Dive into Google Cloud and App Engine

A hands-on tour of the No. 3 cloud reveals how it measures up to Amazon Web Services and Microsoft Azure

Dive into Google Cloud and App Engine
norcal21jg via Wikimedia Commons

In a recent Gartner assessment of IaaS, only Amazon AWS and Microsoft Azure made it to the magic quadrant. Not surprisingly, among the other IaaS providers, Google was closest to edging its way in.

Like Microsoft Azure and AWS, Google Cloud offers both PaaS and IaaS, as well as a wide range of services. Google’s PaaS, App Engine, is at the heart of its cloud.

App Engine is designed around the idea of small, stateless applications that act as a bridge between Web or mobile endpoints and cloud-hosted data, whether that data is relational SQL data or key-value NoSQL data. You can build apps using Java, PHP, Python, or Go. Google uses Python internally for many projects, so it’s not surprising that App Engine’s Python support is the most mature.

There’s also the option of bringing familiar frameworks and applications to the Google Cloud Platform. With images of many popular software packages in the Cloud Launcher, you can get up and running quickly with a number of modern tools, including WordPress and Hadoop.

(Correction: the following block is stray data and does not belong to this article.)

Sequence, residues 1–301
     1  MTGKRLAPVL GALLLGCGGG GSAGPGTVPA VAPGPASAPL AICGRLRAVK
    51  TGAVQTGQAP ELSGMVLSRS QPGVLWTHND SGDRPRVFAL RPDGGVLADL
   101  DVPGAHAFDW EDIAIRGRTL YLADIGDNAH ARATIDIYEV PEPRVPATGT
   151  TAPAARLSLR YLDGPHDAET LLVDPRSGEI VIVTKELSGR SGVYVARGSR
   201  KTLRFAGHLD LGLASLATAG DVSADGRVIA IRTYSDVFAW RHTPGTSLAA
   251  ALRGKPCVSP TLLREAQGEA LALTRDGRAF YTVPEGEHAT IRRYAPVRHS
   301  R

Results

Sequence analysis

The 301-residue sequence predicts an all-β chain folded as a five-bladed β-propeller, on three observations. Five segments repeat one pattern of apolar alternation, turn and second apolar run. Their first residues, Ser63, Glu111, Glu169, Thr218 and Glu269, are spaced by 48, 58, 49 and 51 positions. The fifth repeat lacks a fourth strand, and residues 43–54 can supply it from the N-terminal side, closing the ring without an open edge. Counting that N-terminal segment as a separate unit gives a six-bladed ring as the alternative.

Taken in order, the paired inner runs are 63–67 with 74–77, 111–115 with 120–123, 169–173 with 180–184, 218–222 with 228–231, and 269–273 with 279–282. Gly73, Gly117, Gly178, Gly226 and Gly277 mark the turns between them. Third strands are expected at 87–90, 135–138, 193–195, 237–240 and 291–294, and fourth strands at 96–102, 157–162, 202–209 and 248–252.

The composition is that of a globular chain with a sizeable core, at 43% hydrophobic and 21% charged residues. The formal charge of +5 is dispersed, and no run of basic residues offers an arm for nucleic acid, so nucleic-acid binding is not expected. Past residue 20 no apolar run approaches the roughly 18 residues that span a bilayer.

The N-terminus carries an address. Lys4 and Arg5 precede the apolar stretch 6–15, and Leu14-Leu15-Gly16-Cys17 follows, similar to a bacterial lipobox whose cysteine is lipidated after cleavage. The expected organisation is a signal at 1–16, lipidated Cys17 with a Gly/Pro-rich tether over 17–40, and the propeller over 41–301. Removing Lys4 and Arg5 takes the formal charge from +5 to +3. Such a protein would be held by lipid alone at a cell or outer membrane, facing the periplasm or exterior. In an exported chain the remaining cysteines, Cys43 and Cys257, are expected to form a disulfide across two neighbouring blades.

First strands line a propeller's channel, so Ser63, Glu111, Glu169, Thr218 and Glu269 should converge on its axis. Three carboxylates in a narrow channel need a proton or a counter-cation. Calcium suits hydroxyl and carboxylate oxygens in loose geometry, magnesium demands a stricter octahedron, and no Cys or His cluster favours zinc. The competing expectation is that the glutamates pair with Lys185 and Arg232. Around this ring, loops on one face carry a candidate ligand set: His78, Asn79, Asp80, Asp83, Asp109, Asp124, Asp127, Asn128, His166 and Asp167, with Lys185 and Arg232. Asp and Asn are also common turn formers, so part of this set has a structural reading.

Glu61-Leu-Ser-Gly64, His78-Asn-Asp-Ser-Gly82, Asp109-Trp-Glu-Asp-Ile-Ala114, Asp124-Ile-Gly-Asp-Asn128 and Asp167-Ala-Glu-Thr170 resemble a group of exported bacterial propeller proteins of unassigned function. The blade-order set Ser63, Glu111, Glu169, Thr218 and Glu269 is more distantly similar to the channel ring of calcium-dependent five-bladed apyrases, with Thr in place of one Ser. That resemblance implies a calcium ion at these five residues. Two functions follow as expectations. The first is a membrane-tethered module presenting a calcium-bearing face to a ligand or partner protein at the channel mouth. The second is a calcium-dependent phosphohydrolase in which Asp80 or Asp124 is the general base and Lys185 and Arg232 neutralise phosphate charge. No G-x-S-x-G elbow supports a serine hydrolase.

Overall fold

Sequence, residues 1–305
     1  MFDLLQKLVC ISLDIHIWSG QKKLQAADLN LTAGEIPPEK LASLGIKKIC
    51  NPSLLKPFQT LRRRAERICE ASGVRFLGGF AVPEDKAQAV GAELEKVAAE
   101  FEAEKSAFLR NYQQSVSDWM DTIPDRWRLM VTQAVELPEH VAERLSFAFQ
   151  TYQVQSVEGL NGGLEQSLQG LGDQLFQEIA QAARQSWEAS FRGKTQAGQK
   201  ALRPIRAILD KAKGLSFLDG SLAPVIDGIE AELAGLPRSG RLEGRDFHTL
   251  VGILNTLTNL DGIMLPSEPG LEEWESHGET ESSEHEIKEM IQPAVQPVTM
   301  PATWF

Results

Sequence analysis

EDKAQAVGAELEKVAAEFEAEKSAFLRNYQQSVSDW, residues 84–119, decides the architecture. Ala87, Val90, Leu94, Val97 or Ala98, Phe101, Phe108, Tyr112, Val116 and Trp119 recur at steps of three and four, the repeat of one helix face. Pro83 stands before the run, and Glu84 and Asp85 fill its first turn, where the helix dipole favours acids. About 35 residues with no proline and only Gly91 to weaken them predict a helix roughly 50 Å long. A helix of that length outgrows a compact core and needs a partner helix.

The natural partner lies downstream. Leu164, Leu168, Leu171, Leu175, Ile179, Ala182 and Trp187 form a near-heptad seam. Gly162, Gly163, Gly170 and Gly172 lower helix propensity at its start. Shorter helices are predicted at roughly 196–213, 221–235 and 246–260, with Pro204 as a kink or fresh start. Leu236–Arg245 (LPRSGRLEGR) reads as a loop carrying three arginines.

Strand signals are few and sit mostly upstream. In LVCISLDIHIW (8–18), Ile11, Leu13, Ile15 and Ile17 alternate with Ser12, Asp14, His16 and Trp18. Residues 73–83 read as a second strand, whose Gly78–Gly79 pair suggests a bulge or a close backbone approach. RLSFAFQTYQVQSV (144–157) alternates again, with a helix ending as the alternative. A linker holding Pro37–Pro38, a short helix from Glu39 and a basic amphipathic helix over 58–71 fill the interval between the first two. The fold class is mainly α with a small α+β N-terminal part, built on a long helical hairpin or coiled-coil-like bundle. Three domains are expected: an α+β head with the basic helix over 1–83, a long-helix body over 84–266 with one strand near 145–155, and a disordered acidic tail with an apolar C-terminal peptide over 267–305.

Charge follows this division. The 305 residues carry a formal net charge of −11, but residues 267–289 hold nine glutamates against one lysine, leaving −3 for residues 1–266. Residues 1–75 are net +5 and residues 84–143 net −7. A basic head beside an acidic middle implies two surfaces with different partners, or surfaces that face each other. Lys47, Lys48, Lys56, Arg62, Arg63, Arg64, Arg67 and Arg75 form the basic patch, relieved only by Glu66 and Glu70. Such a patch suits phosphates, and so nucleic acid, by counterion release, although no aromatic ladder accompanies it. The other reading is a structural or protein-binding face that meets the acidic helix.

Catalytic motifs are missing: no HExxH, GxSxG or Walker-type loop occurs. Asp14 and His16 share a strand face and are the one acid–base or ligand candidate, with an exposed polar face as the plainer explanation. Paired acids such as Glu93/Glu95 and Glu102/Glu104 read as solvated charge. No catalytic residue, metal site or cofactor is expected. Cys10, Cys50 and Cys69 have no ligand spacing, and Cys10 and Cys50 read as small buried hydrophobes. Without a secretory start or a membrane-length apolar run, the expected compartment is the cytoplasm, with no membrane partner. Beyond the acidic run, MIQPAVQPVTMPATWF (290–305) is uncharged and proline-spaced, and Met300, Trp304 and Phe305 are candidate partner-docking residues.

As for cost, you can use the online pricing calculator to get a sense of how much an application will cost to run, whether it’s 10 minutes of data analysis on 100 Compute Engine servers running Hadoop, or a dozen instances of a PHP App Engine Web application.

Getting started on App Engine using PHP

PHP is a relatively recent addition to the App Engine family of programming languages, and while it’s currently in beta, it provides a useful introduction to using App Engine for Web application development. You can start with a local instance of the App Engine environment using the App Engine PHP SDK, which enables you to build new apps and test code before uploading it to Google Cloud.

As with other Google dev tools, App Engine’s PHP support is handled by an app.yaml configuration file. The current build uses PHP 5.5, so your configuration needs to explicitly call this runtime version. You use the configuration to define how scripts are called, the URLs used to call your app, and where static files such as images, stylesheets, and templates are stored.

One handy App Engine feature is the ability to maintain multiple versions of an app and switch among them using the developer console. That way you can flip back to a known good version if a problem emerges or use App Engine as an endpoint for a continuous delivery build process. Versioning also lets you test new builds on the App Engine service before making them public.

It’s important to get app.yaml rules right, particularly when you’re handling static content. Defining handlers must be done hand-in-hand with application development and design, so you can define both the URL structure for an application and the regular expressions used to load and deliver static files.